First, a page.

Lessons from the Network of Trust Video Project for Expectant and Parenting Teens ages 15-24 in Southwest Georgia

Angela Johnson, MBA, Public Administration, Albany State University, Albany, GA and Katherine Handwerk, MPA, Phoebe Network of Trust, Phoebe Putney Health System, Albany, GA


Historically expectant and parenting teens have been a special population that can be difficult to reach. They often have limited time to participate in programs because they are already working to balance parenting, education, work, and social life. Additionally, there is a stigma attached to being a teen parent that can cause them to be less likely to reach out for help or attend programming. The Stronger Together Project under Albany State University worked with community partners and young parents in 18 southwest Georgia counties to develop networks and innovations focusing on delaying additional pregnancies, preventing STI’s, improving health, and supporting expectant and parenting youth ages 15-24.

Program background:

Phoebe Network of Trust is a teen parenting program that has been implementing school based teen parenting classes for teen parents in 5 counties in southwest Georgia for thirty years. The Network of Trust Video Project was developed as an effort to reach expectant and parenting youth with important health information for themselves and their babies during a time when COVID-19 caused face to face programming to be unavailable. The project worked with a group of expectant and parenting teens to develop 6 videos on health and wellness topics that were important to them, utilized language they understood, contained content they chose, and featured people that they chose. The videos also provided additional resources at the end of each video. The videos were posted on YouTube so that links to videos could be emailed and/or texted to young parents.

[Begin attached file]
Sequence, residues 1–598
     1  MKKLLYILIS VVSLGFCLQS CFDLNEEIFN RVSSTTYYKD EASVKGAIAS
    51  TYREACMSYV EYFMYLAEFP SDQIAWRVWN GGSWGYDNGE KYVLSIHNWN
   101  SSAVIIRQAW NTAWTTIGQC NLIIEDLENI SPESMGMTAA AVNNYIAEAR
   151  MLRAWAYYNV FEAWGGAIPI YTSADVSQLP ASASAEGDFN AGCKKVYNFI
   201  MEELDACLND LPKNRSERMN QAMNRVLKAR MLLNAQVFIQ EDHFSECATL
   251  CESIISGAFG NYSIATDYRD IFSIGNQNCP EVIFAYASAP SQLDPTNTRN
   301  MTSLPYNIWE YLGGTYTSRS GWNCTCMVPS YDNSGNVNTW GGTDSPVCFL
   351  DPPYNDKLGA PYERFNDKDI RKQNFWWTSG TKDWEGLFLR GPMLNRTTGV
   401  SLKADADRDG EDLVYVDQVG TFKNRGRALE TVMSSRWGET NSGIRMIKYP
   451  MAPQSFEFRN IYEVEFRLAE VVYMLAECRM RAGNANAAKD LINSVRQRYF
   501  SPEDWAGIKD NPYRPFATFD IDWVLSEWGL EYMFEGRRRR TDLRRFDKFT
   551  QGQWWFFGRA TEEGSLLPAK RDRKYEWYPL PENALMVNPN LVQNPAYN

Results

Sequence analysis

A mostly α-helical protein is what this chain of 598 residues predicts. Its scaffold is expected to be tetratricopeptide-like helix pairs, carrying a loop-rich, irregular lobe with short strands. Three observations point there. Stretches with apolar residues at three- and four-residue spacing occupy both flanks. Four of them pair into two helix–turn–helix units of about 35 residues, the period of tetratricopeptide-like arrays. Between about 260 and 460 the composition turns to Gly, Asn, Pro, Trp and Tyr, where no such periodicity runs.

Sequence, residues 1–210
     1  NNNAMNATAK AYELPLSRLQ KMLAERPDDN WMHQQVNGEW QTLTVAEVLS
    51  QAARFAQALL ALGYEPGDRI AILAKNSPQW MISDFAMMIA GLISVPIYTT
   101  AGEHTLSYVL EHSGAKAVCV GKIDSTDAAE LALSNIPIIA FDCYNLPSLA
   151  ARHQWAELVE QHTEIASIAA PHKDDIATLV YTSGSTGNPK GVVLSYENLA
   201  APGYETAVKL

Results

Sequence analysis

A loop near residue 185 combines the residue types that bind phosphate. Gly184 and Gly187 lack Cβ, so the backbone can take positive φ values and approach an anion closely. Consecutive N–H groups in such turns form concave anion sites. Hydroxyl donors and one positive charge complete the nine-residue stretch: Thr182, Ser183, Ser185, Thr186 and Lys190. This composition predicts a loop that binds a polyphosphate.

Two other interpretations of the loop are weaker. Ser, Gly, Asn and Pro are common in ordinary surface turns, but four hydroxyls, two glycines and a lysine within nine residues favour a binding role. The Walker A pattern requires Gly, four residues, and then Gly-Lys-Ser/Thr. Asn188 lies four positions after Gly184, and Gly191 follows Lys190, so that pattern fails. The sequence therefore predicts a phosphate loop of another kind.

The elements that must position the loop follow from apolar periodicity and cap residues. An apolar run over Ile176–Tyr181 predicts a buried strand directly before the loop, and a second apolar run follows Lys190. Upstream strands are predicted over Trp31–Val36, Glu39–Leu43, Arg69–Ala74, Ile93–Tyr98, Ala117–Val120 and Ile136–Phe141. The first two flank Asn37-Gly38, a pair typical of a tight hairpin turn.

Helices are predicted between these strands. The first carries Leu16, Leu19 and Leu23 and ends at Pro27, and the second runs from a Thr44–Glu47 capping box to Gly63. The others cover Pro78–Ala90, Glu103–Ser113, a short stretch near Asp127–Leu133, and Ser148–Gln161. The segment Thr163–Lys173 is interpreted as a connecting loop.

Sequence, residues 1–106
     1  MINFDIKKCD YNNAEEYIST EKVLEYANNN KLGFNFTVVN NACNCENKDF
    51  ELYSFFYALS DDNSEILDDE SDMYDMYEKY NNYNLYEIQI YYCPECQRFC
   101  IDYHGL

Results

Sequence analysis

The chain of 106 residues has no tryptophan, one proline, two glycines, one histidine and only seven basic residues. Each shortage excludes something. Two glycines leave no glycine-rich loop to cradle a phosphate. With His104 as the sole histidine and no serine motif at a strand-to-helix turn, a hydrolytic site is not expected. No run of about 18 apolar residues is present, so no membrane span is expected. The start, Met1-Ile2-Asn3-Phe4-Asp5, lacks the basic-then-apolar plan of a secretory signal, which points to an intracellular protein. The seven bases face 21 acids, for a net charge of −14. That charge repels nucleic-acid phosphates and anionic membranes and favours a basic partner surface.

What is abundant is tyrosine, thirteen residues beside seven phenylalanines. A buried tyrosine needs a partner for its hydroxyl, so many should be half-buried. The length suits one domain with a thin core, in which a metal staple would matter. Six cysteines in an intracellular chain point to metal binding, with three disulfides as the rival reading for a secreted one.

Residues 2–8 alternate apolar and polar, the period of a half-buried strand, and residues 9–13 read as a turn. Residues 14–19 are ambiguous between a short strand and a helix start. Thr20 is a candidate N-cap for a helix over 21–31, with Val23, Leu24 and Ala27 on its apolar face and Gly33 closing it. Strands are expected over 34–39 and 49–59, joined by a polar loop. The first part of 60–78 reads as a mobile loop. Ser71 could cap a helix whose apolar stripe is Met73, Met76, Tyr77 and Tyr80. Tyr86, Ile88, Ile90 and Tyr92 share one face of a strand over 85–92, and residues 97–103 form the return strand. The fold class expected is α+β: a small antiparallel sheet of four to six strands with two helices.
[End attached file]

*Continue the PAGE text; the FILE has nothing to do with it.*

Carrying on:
Evaluation Methods and Results:

A pilot program is currently being conducted and results will be available before the conference. Expectant and parenting teens complete a pre survey, watch one video per week for 6 weeks, and then complete a post survey. Surveys utilize survey monkey so that links can be sent via email/text. Video links are sent via email/text. Surveys included questions for program evaluation of the videos, as well as measures for change in knowledge, confidence in ability to perform protective behaviors, and motivation to perform protective factors. Preliminary results show that participants liked the video format, found the video content to be valuable, and stated that they were learning new information from the videos.


Including Expectant and Parenting teens from the beginning of the project allowed them to share their voice and be effective and productive members of the video development project. It also ensured that the videos were relevant and age appropriate. Utilizing text messaging to communicate with youth was effective to improve engagement in watching videos and completing surveys. The use of reminder text/emails was helpful to youth.

Implications for research and/or practice:

A similar video project could be implemented with other target groups and/or around other health topics. It is important to include members of the target population in development of materials and innovations from the conception through implementation so that all aspects of the project are relevant to and appropriate for the target.